|Posted by Adam Schulte-Bukowinski on February 4, 2014 at 11:15 AM|
Not too long ago I had the pleasure of servicing a new Mason & Hamlin piano - their glorious BB model - a 7' grand piano with a bright, clear sound and prodigious bass. A brief picture from my vantage point while tuning:
The owner, a gifted pianist and teacher, loves the piano and its clarity, but found it a little too bright and uneven in the upper midrange and lower treble, and wanted that brightness tamed and evened out, without losing the clarity. A brief note: though Mason & Hamlins are indeed beautifully crafted and supremely capable instruments, I must admit that, personally, I prefer a bit of a warmer tone than the typical Mason & Hamlin 'house sound.'
That said, my job is not to make the piano sound the way I want it to, but the way the customer wants it to sound (within reason - if the customer wants a sound that would require ruining a set of hammers, I'm afraid I'll have to raise a few objections!). After all, I'm not the one who lives with the piano daily! If I were given carte blanche to voice the piano to my preference, I might go quite a bit further than the customer's preferences. And while I might find the end result to my liking, maybe even ideal, the customer might find it comparatively dull and too mellow.
So with this in mind I set to work. Voicing is one of my favorite aspects of my job - lots of pianos can be tuned impeccably well but still sound unpolished or even unpleasant if the voicing is uneven. Voicing, when done properly, gives the piano an even, predictable and expressive tone across the entire keyboard and at all dynamic levels. In this piano's case, the extra brightness was clearly noticeable but not aggressively so, and so it called for a light hand to eliminate it. Particularly when reducing brightness, it is important to not attempt too much as the first step - you don't want to go too far and then have to bring notes back up that are now too dull.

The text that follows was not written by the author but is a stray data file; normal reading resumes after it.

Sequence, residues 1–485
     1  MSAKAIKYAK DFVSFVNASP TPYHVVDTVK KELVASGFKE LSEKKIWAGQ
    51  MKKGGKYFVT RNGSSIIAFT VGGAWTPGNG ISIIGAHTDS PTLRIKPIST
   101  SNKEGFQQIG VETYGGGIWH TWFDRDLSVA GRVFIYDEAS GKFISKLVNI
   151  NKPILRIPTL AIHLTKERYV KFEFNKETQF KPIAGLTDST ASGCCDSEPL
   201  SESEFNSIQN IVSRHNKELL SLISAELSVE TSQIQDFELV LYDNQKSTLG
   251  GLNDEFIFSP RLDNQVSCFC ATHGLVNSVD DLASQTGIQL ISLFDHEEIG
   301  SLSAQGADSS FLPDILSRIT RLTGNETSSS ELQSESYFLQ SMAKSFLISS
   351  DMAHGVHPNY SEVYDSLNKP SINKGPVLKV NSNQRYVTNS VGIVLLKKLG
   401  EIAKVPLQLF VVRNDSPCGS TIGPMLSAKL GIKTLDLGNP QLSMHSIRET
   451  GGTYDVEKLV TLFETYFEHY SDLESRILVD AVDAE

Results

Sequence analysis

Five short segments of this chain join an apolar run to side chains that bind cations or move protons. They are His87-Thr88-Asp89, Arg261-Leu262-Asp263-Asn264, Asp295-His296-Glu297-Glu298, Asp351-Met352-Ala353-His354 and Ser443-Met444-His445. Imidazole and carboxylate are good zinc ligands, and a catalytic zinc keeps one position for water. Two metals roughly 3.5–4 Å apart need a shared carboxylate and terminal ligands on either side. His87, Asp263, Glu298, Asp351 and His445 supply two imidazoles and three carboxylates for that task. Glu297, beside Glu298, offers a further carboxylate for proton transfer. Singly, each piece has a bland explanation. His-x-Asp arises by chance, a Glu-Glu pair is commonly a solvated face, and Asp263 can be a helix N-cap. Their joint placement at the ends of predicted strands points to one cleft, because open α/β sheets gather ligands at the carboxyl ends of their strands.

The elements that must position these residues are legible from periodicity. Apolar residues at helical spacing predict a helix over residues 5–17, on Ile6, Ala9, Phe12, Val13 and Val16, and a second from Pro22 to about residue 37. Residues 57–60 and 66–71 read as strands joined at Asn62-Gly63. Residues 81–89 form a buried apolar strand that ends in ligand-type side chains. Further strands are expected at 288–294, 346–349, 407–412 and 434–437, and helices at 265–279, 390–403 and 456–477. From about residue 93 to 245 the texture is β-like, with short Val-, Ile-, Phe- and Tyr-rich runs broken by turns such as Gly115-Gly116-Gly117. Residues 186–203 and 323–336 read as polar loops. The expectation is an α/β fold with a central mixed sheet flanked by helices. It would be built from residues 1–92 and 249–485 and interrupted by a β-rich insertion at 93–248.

As a preliminary step in any voicing job, I play up and down the keyboard, and mark with chalk the range of notes that need to be addressed, and then in particular any notes within that range that stick out more than others (letting me know quickly which notes need more work than the baseline). After this, I choose a few representative baseline notes (not the ones that stick out the most), lightly needle the hammers and put the action back in and test the result. In this case, just a couple well placed needles per hammer were enough to get rid of the extra brightness. After treating the rest of the hammers in the same way and testing, the brightness was gone except for those notes that initially stuck out the most. A couple more needles per hammer brought those back into line, and from there it was just a matter of double checking for evenness with the rest of the range, making any small modifications necessary from there, and wrapping up! The end result was a tone that was clear and even across the keyboard, and a happy owner!
Categories: Field work